I'm no sociologist, but it occurs to me that this whole notion of us as "social animals" could be founded in academic convenience... its easier to study groups, so groups get studied. See how SOCIAL we were!!! How much of that grouping occurred because of some compelling emotional bond, and how much because the group was able to thrive better (first in strictly survivalist terms, later in simple economic terms) than the individuals?

    Consider why we've adopted this evil isolation-enabling technology so thoroughly into our lives... BECAUSE WE LIKE IT.
    Why has the pandemic accelerated the trend (when some suggested that it would go the other way and make us cherish the socialization it denied us all the more)? Perhaps because it showed many of us that life went on without all of that often-forced socialization just fine.

    Are we trending toward isolation because people have become more selfish and less considerate?
    Are people becoming more selfish and less considerate because the isolation enables this behavior?
    I'm really not interested in the answer to those questions, nor am I interested in forcing solutions on society.
    When was the last time an established societal trend was actually reversed by a course-correcting initiative, anyway?

    People, by and large, suck. I'll continue to be quite selective of those with whom I share time and space. Loneliness is a risk I accept.
    "Visionary" is he who in every egg sees a carbonara.

  4. #4
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    Default Re: The epidemic of loneliness

    Introverts are shining right about now. Finally, some quiet.
    Quote Originally Posted by James McMullen View Post
    Yeadon is right, of course.

  5. #5
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    Default Re: The epidemic of loneliness

    We have each other….

  6. #6
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    Default Re: The epidemic of loneliness

    Quote Originally Posted by bluedog225 View Post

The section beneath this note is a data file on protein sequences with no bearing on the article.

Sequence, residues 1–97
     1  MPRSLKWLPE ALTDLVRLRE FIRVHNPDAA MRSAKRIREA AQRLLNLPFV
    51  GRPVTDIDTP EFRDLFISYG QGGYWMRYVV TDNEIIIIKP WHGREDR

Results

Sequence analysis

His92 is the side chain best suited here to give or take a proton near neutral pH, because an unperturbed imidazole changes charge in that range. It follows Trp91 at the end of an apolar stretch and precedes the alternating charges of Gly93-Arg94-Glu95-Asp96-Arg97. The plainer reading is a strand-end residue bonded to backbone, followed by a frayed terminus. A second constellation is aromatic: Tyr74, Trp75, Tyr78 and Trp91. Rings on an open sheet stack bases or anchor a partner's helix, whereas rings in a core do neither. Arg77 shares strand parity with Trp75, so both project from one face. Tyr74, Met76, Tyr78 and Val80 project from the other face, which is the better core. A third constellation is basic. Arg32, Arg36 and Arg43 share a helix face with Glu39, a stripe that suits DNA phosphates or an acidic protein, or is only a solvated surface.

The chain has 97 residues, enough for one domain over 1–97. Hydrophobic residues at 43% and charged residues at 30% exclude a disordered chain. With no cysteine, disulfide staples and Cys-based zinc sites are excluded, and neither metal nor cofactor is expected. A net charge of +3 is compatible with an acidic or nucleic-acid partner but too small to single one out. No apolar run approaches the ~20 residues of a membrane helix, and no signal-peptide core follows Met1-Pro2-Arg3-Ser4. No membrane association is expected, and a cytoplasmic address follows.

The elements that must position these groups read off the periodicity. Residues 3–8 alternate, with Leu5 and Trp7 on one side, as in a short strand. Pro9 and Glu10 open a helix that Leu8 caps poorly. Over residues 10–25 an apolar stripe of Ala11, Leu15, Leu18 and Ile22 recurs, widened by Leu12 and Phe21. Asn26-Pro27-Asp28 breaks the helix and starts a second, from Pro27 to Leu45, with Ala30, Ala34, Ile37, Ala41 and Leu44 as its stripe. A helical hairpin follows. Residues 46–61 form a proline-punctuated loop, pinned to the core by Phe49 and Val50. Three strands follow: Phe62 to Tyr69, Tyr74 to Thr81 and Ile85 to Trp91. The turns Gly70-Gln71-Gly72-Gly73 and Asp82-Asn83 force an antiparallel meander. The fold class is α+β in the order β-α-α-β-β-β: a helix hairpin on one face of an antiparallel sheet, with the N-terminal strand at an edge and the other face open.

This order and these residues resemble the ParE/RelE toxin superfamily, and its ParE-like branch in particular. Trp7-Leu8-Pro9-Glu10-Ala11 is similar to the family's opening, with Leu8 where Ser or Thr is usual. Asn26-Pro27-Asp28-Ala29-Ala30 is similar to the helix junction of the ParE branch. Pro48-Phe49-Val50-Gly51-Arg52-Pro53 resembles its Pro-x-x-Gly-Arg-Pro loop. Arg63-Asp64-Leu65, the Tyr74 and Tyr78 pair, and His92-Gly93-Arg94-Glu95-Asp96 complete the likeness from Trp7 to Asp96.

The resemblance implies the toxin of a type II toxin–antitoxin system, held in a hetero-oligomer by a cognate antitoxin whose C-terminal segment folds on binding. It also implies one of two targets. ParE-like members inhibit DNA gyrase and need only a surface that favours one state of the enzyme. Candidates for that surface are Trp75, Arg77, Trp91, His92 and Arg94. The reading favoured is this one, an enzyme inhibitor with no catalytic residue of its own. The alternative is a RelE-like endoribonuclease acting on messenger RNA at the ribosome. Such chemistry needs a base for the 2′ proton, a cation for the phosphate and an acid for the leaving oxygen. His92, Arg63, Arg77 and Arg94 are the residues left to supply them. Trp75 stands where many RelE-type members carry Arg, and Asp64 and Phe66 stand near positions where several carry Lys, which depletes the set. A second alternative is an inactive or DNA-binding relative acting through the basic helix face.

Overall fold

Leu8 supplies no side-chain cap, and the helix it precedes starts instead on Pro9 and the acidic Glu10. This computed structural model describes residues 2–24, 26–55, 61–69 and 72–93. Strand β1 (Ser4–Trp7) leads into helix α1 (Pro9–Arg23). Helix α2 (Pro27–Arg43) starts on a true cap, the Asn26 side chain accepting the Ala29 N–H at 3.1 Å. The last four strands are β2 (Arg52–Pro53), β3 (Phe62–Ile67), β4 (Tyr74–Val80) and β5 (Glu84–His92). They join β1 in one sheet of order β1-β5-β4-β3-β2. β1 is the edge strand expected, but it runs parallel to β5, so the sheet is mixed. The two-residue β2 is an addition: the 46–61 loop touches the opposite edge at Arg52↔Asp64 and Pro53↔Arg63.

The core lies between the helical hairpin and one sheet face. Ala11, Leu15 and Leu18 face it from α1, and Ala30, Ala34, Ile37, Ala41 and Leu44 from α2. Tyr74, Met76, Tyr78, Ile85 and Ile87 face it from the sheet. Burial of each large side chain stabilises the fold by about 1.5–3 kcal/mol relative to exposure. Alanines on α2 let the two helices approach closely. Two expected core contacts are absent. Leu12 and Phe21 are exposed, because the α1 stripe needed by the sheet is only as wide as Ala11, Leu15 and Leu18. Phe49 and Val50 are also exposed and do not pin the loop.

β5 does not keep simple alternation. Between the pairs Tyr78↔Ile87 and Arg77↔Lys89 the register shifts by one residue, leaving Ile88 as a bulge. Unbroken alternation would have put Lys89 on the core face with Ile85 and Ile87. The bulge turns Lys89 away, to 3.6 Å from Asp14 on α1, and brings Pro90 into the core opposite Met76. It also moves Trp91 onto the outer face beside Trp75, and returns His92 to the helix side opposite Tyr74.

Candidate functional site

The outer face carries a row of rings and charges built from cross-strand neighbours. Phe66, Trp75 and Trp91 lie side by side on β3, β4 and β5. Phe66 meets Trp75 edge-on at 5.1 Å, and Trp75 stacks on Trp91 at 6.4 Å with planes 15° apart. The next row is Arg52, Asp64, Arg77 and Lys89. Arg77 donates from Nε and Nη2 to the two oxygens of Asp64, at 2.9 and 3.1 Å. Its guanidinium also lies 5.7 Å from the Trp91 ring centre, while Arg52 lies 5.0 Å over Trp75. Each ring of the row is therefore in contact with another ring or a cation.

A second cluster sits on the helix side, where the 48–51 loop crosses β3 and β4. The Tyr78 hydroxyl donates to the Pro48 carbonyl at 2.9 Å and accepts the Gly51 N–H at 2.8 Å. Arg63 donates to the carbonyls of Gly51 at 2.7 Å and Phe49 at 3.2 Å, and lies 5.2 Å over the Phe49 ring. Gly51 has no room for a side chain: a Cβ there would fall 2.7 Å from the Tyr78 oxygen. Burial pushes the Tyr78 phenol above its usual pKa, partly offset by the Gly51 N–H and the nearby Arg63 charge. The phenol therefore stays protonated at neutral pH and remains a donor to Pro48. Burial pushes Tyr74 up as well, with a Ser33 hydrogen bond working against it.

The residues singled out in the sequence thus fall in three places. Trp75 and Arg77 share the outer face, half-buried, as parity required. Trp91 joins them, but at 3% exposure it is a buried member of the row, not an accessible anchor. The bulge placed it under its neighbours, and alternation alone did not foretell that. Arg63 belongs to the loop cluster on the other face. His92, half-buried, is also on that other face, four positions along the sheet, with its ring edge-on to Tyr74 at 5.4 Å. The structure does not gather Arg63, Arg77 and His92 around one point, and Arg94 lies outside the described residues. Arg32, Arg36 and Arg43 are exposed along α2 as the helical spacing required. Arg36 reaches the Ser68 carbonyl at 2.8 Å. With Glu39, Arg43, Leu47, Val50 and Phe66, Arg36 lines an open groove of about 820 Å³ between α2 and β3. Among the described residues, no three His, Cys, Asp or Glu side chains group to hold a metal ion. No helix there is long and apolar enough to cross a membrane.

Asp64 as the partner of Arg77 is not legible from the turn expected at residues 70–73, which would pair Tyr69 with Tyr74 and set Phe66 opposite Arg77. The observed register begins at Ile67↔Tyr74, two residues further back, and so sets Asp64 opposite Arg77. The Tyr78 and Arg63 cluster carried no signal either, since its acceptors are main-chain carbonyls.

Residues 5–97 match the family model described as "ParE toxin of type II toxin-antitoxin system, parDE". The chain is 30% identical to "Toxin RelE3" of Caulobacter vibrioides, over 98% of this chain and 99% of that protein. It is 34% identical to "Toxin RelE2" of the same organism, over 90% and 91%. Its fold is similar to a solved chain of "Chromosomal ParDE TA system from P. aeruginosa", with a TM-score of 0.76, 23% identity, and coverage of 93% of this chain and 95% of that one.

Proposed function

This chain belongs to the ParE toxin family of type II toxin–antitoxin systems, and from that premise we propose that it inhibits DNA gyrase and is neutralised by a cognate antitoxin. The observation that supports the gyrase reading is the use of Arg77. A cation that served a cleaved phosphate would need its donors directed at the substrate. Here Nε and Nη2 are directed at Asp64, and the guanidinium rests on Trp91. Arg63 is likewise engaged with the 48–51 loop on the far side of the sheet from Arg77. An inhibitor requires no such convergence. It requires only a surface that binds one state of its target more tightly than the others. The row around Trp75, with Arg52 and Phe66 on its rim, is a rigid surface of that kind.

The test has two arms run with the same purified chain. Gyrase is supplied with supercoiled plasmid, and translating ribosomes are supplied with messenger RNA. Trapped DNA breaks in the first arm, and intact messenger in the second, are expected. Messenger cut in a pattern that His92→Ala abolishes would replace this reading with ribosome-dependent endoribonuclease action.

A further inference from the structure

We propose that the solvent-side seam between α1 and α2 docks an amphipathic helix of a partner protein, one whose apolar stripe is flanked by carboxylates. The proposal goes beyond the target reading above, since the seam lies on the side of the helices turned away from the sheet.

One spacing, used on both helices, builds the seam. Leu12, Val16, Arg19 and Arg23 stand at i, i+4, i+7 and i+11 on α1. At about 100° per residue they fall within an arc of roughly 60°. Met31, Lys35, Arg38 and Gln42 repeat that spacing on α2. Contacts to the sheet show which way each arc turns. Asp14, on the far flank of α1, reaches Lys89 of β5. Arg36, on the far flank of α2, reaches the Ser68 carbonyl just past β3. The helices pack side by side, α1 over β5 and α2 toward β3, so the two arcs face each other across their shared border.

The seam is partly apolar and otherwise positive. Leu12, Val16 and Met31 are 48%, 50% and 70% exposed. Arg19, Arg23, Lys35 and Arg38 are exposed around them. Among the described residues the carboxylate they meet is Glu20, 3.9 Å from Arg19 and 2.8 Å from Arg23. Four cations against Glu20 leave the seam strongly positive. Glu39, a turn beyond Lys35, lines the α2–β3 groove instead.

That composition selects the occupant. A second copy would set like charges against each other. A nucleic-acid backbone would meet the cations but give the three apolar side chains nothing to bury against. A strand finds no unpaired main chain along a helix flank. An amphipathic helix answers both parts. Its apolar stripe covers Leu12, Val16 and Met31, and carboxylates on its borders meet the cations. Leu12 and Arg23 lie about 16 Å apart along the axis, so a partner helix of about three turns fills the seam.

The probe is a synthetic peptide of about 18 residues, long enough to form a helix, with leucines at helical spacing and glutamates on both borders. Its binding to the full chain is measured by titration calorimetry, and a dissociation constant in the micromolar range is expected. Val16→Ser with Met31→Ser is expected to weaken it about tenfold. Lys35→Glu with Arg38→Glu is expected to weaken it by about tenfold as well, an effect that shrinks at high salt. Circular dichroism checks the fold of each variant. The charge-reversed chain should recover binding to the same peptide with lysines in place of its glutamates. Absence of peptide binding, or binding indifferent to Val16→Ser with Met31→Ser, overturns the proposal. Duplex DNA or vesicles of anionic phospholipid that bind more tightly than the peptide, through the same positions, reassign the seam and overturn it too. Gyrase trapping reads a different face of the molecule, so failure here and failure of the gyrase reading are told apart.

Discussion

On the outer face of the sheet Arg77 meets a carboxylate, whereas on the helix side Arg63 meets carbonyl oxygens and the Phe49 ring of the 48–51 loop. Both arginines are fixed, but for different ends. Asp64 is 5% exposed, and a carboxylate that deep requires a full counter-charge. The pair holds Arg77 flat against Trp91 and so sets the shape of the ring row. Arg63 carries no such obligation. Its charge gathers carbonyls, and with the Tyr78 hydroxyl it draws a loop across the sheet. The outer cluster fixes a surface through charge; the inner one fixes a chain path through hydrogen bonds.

We have each other….
    and our fonts

  7. #7
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    Default Re: The epidemic of loneliness

    Some people just seem to have a greater need for a personal connection. I have very little but I do feel connected to a greater Universe. Perhaps we all need the same total connectedness but find it in different ways, or suffer without it. Between my wife, the Universe, my plywood boat, and a variety of fonts, I lack nothing.
    There is no rational, logical, or physical description of how free will could exist. It therefore makes no sense to praise or condemn anyone on the grounds they are a free willed self that made one choice but could have chosen something else. There is no evidence that such a situation is possible in our Universe. Demonstrate otherwise and I will be thrilled.

  8. #8
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    Default Re: The epidemic of loneliness

    Quote Originally Posted by Ted Hoppe View Post
    I note that we may be losing many of our friends and family we no longer connect with.
    I have no problems with seeing my wife, kids, and grandkids as often as I want. From time to time phone calls serve as a connection. That is sufficient for me.

    My wife has increased her volunteer time. I don't know if that is cased by loneliness or not. My kids and grandkids seem to be running their lives without change.

    I am sure there are people who feel that they need to "connect" more than they are willing to.
    Life is complex.

  9. #9
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    Default Re: The epidemic of loneliness

    So many factors:

    narrowing of number of people who share interests